What is a diabetes diet? Simply put, it is a heart-healthy plan that involves eating nutritious foods and having regular mealtimes. Known medically as “medical nutrition therapy” or MNT, a diet for diabetes focuses on nutrient-rich foods that are low in fat and calories. It emphasizes fruits, vegetables and whole grains.
According to the Mayo Foundation for Medical Education and Research, a diabetic diet is the best way to eat for nearly everyone. Diabetic recipes fit easily into most meal plans. A heart-healthy diet does not have to be strict or rigid to be effective. Many people can eat the foods they enjoy as long as they modify their eating patterns.
People who live with diabetes benefit from a doctor-recommended meal plan that is guided by a dietitian. Medical nutrition therapy helps diabetics manage their blood sugar and weight. When people eat too many calories, their bodies respond with an unfavorable rise in blood sugar or glucose.
High blood glucose can lead to severe health complications if it is not managed properly. A dangerously high level is known as hyperglycemia. If left unchecked, hyperglycemia can cause heart problems, kidney failure, nerve damage and other chronic illnesses.
By making a few dietary adjustments and tracking overall meal patterns, diabetics can keep their blood glucose in a safe range. Weight loss can make it easier to manage their condition. A diabetic diet is quite effective for weight management. It provides an organized, nutritious way to meet most weight loss goals.
With medical nutrition therapy, quality is more important than quantity. A registered dietitian can help diabetics develop a safe eating plan with the healthiest foods. The National Institutes of Health (NIH) says that a diabetes diet takes numerous factors into account: weight, medications, health conditions, health goals, preferences, lifestyle and more.
Heart-healthy eating limits high-sugar or high-carbohydrate foods. It focuses on low-fat, low-calorie foods as well. The diet limits salt and alcohol consumption. People who follow this plan eat smaller meals spread throughout the day.
Diabetics can make the most of their calories with nutritious foods that contain healthy carbohydrates, dietary fiber and “good” fats. Those who think they must eliminate carbohydrates altogether are following a myth, according to the Cleveland Clinic. A heart healthy diet puts the spotlight on healthy fruits and vegetables, beans and other legumes, whole grains and low-fat dairy products.
Dietary fiber controls blood sugar and lowers the risk of heart disease. The term “fiber” refers to the parts of plant foods that the body cannot digest or absorb. Fruits, vegetables and legumes are fiber-rich foods. Nuts, wheat bran and whole-wheat flour are other high-fiber choices.
Fish is a good alternative to high-fat meats. Cod, halibut and tuna are generally healthier than red meat and poultry. Herring, mackerel and salmon are notable for their omega-3 fatty acids, which lower blood fat and promote heart health. A diabetic diet includes a other “good” fats as well. Avocados, olives, almonds and walnuts lower blood cholesterol levels. They are high in calories, however, so most diets limit their intake.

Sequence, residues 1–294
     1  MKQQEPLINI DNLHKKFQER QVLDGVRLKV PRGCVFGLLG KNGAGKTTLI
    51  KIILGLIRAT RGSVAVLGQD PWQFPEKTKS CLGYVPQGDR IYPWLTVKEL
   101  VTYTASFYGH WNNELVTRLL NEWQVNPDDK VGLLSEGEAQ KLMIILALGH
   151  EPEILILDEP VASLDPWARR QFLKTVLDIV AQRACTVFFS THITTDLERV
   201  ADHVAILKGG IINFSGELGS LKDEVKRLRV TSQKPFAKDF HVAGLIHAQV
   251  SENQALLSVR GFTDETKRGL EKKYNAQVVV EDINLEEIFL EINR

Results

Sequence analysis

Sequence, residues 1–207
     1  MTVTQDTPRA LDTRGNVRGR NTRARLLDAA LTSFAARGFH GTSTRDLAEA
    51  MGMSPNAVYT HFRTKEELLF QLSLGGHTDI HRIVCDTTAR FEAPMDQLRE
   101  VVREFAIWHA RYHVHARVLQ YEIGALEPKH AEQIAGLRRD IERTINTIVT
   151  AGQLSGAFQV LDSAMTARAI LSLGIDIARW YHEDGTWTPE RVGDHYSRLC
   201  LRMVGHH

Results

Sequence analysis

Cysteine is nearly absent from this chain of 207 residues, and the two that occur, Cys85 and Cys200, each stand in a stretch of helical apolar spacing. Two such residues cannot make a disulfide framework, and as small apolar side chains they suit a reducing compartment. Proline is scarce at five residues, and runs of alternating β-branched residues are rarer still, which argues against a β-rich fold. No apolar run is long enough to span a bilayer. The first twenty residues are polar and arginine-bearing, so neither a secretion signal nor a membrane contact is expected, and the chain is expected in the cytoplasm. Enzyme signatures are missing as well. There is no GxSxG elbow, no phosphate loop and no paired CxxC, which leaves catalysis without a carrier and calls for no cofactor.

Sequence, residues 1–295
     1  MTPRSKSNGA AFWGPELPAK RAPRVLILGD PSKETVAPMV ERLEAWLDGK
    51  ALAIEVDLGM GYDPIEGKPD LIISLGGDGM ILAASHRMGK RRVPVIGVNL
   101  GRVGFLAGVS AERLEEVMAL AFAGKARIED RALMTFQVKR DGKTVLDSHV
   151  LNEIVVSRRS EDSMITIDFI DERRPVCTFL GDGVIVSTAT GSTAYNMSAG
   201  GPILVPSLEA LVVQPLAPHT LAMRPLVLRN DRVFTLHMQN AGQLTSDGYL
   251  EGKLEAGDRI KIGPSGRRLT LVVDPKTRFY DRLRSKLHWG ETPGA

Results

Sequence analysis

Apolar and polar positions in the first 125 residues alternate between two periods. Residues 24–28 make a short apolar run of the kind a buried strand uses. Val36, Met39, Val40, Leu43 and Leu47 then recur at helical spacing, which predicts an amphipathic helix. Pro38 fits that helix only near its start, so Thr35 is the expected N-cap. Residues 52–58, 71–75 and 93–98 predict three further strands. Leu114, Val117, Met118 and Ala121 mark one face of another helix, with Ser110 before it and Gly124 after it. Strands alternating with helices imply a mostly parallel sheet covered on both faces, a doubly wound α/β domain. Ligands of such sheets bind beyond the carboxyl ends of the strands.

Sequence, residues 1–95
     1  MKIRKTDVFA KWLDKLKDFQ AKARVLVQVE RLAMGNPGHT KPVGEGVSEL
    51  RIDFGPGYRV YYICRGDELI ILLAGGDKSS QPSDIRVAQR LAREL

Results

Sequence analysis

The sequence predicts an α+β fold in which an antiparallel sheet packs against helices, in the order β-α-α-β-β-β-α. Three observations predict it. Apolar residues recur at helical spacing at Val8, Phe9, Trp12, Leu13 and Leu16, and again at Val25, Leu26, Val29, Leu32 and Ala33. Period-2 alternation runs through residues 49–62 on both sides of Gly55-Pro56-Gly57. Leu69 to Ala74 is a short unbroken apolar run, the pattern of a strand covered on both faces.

Diabetics have an increased risk for heart disease and stroke. These health conditions result from clogged or hardened arteries, which the diabetic condition greatly impacts. Certain foods can work against a heart-healthy diet. They contain unhealthy saturated fats, trans fats, cholesterol and sodium.
Saturated fats are found in high-fat dairy products and animal proteins such as bacon, hot dogs and sausage. Processed foods like margarine, shortening, baked goods and snack foods contain unhealthy trans fats. Many animal proteins and dairy products also contain cholesterol; egg yolks, organ meats and shellfish are three examples.
A diabetic diet calls for very little of these problem-causing food ingredients. It also aims for less than 2,000 milligrams of sodium or salt per day, according to the Mayo Clinic. Many diabetics can modify their current diets by educating themselves and reading labels.
Creating a heart-healthy diet plan involves different approaches. With a doctor’s recommendation and a dietitian’s help, a diabetic can create a healthy way of eating that keeps blood sugar in check. Some people take one approach, while others use a combination of methods.
Since carbohydrates break down into glucose, they have a huge effect on blood sugar. Many diabetics count carbohydrates, especially if they take insulin or diabetes medications. Keeping track of carbohydrate intake, food portions and serving size can help people manage their condition.
Some dietitians recommend an exchange system for diabetics. This eating plan groups foods into categories such as carbohydrates, fats and meats. An “exchange” refers to a serving in these groups. Each serving has about the same effect on blood glucose. Diabetics who follow this diet plan can exchange or trade one serving for another.
Some diabetics use the glycemic index to choose their foods, particularly carbohydrates. High glycemic foods are generally associated with higher blood sugar levels. However, low glycemic foods may not be healthy since they tend to be higher in fat. A dietitian can work with a diabetic patient to create an appropriate diet using the glycemic index.
Adopting a heart-healthy diabetes diet is the best way to manage blood glucose and reduce diabetes-related health problems. This way of eating is also effective for weight loss. Because it features fruits, vegetables, fiber and other nutritious foods, the diabetic diet guards against heart disease and cancer. It may also preserve bone mass.
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